Certainly, that’s correct. I mean, we are, as we said, trying to continue very effective cost management strategies, but frankly, the macroeconomic environment is very difficult and it’s taking greater efforts to bring the same sorts of dollars through the door. So, on one hand, we’ll be trying to improve certain areas, but probably on the other hand, there’ll be other costs that we’ll increase because telephone calls, maybe letters, and some of the other types of collection tools that we use won’t be as effective as they were in the not too distant past.

Sameer Gokhale – Keefe, Bruyette & Woods

Okay. And then just a couple of other ones, in terms of the impairment charges, Mark, what I was curious about is the impairment charges you’d mentioned on the ’06 and ’04 pools, are those now – at this point, are those more a function of changing the timing of your collections? In other words, maybe your collections expectations are more front-end loaded and because of the weak economy, you pushed out the curve of collections and that’s why you have the impairment charges or are you actually reducing expected multiples on your portfolios at this point?

Mark Redman

On the pools that we took specific impairments on, I would say that we’re reducing our expectations for life. I mean, both pools are a couple of years to a few years old and there’s just not as much life left in them. So, just based upon the economic environment, we’re looking at reducing collections pretty much over the remainder of the life.

Sameer Gokhale – Keefe, Bruyette & Woods

Okay. And then, just a last question was I briefly looked at the slide where you showed the new model that you’re using. I mean, how much are you incorporating the use of that model into your, I think, it was for pricing. Because if I look at the R-squared and not to get too much into the statistics, I don’t know what the adjusted R-squared is, but assuming the same thing with 63%, I mean that suggests that the explanatory power of the model explains 63% of the changes in pricing relative to the variables. So, there’s a big margin for error there. I mean, are you using that to a great extent in your pricing models at this point or is that just one measure you use amongst others to determine your pricing and how you think about purchases?

Rion Needs

That is correct. We use it as one of many indicators. And because of that volatility, we believe it’s a better predictor over a longer period and not for a snapshot view. So, as a result, it’s in combination with the rest of our purchasing program.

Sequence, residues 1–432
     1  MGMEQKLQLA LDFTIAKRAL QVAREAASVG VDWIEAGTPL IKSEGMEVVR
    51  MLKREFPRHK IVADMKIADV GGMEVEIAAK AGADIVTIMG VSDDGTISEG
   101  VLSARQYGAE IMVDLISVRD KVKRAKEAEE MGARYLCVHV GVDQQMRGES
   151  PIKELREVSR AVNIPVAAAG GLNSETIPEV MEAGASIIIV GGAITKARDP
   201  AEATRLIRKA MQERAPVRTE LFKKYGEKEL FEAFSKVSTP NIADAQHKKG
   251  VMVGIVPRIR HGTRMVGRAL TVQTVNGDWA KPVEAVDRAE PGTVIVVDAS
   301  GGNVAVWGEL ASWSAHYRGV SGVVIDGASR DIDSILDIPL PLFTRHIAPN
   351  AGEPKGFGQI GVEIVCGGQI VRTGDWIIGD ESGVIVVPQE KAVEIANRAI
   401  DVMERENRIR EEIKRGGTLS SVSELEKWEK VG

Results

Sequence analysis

Sameer Gokhale – Keefe, Bruyette & Woods

Okay. That’s helpful. Thank you.

Operator

And the next question comes from the line of Mark Hughes from SunTrust Bank. Please proceed.

Mark Hughes – SunTrust Bank

Thank you very much. Could you comment on collections through the quarter, and then perhaps what you’ve seen in January so far?

Rion Needs

Yes. Collections during the quarter – October was difficult in relation to November and December. Once November and December were done, October felt pretty good. So, November and December were much more difficult than we saw in October. Typically, we don’t give into our quarter guidance, but I don’t see any harm in saying really the trend that we saw in November and December continued into January. We did see some of the normal seasonal increase that we would at the beginning of the year, but the collection environment is still very difficult.

Mark Hughes – SunTrust Bank

Right. And also keeping in mind you don’t give guidance, any thoughts or anything you could suggest about amortization? It was obviously up in 2008. What should we think about 2009?

Rion Needs

Yes. The amortization rate has, I think, been up for at least two or three years in a row now, maybe longer, and it doesn’t seem like it can keep going up by a lot. We’ve done some things in 2008 that caused some increases in amortization rates. I mean, I think about the increased level of pools that we’re put on for cost recovery in late 2007 or the beginning of 2008 that certainly impacted the amortization rate. I think of, as I mentioned in my prepared comments, the level of caution that we’re using on initial yield assignments and yield increases for that matter, we’ve been very cautious in raising yields in 2007, particularly in the back-end of 2007 and throughout 2008, because of the whole financial mess that exists in the economy.